Hoʻomana Naʻauao o Hawaiʻi was the first independent Hawaiian Christian organization in the Islands. It was founded by John Kekipi Maia; he named his denomination “Hoʻomana Naʻauao,” which members translate as meaning “reasonable service.”
It started with the help of John Hawelu Poloailehua.
Poloailehua was born in Kukuihaele, Hamakua, Hawaiʻi in about 1838; at the age of 14 he moved to Honolulu. In February of the next year, when he was incapacitated by a violent fever, he asked for and received a Bible; it was placed on his chest.
He prayed while keeping his eyes closed and holding the Bible, as soon as he opened the Bible, read a verse and pledged his faith, he recovered from his illness.
April 16, 1853 (the date which Kekipi considers was the beginning of the church) is when Poloailehua, still a 15-year-old boy, started his mission work after he recovered from his illness.
He stayed in Honolulu to carry out mission work in his neighborhood where smallpox was prevalent at that time; his family was also afflicted with the illness – all died except for Poloailehua. (Inoue)
On April 16, 1881, Poloailehua met John Kekipi Maia of North Kohala and told him “Whatever secret you have within you, you must bring it out.” (Ritz)
Kekipi moved to Oʻahu and joined the Kaumakapili Church; he seemed to develop his work inside the congregation as he had in Kohala, Hawai’i.
However, in 1890, he left Kaumakapili Church, taking his followers with him. He built a meeting house on the seaside of Kālia and started his mission work as an independent group. (Inoue)
On July 31, 1897, a new church building (on Cooke Street in Kaka’ako) was sanctified and named Ke Alaula O Ka Mālamalama. With this church as a mother church, more than ten sister churches were founded on Hawaiʻi, Maui, Lānaʻi and Molokaʻi.
It was officially recognized as a religious organization on February 16, 1911 whose purposes “are purely those of religion, charity, education and general relief” and that “its main church and mission is at Koula, near King and South Streets in said Honolulu, with branch missions and churches at various places throughout the Territory of Hawaii.”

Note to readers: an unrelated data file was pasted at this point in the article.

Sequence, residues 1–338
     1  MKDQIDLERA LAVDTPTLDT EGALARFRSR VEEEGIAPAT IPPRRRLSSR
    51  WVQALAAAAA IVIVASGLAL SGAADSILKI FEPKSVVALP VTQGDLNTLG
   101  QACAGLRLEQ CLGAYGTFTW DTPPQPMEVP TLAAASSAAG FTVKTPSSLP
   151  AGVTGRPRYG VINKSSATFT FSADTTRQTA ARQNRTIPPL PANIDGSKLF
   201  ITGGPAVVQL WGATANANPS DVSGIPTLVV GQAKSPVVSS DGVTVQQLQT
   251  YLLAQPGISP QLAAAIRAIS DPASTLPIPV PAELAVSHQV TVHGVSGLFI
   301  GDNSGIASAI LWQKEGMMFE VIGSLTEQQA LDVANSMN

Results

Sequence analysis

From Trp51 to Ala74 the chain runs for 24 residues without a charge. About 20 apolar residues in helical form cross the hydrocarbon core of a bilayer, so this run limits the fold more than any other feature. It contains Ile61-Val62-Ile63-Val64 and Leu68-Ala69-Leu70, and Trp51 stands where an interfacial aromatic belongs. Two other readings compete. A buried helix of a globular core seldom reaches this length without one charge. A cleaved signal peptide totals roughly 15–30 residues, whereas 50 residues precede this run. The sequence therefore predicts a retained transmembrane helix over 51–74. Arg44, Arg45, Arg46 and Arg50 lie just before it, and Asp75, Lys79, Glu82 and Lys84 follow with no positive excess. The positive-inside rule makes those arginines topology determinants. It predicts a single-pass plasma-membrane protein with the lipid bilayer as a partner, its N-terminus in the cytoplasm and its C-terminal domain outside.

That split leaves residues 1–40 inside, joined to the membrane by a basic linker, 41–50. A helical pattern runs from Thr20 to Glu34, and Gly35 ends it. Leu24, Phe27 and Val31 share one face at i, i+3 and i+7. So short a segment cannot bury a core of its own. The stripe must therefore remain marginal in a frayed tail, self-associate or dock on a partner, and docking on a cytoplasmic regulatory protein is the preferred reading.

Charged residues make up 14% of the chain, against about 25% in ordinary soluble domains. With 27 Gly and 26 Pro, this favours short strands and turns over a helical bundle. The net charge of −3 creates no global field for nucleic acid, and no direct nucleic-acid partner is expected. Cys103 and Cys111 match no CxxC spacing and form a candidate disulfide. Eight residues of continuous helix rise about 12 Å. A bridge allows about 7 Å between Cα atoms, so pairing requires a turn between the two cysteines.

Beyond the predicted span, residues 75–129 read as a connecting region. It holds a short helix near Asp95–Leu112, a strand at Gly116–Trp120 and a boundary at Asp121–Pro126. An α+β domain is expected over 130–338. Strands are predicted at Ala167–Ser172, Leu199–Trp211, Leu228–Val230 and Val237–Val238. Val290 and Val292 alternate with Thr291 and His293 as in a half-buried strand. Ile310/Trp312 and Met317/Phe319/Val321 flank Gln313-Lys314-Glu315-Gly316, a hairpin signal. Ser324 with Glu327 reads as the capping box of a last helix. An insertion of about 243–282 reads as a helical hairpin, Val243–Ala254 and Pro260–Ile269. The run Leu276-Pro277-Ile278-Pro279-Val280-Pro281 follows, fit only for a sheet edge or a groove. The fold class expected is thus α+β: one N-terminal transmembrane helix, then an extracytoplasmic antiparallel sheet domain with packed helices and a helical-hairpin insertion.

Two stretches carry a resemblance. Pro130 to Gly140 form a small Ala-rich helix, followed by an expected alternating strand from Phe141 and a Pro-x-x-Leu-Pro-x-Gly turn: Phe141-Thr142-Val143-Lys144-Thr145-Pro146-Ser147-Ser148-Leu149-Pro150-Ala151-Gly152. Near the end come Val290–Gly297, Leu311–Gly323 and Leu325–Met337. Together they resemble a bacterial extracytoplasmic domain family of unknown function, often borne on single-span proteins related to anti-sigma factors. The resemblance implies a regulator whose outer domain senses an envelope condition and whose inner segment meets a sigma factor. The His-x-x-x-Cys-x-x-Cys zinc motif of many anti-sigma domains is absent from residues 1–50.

Hoʻomana Naʻauao was established on the concept of “reasonable service,” based on the passage in Romans: “I beseech you therefore, brethren, by the mercies of God, that ye present your bodies a living sacrifice, holy, acceptable unto God, which is your reasonable service.” (Ritz)
Church members believed that Hawaiians were descended from Hebrews and Egyptians and that ancient Hawaiian religion evolved from the same source as Christianity. Teaching that the causes of illness and misfortune could be discerned after praying and fasting, the church gained many adherents among prominent individuals in the Hawaiian community.
The church emphasized repentance as a premise to salvation. In the practices of Hoʻomana Naʻauao, the importance of visions was one of the main characteristics.
Another significant characteristic of the practices of Hoʻomana Naʻauao was the opening of the Bible to a random page to see the divine will in sacred phrases on the page. (Inoue)
Some may call this “the Hawaiian Christian science,” and others say the teachings most resemble that of the Congregationalist Church. But at its simplest form, Hoʻomana Naʻahuao is a mixture of Protestant Christianity and Hawaiian. Members espouse a belief in the trinity and follow the Bible, as well as Hawaiian values. (Ritz)
It was the largest independent Hawaiian Church; several offshoot churches broke away in the 1930s and the 1940s.
Other Hoʻomana Naʻauao o Hawaii churches include Ke Kilohana oka Mālamalama in Hilo, Ka Hoku oka Malamalama, Paipaikou, Ka Nani oka Malamalama, Kohala, Ka Elele oka Malamalama, Kapoho, and Ka Mauloa oka Malamalama in Kurtistown, and Ka Lanakila oka Malamalama and Ka Lokahi oka Malamalama on the island of Lanaʻi (there were others.)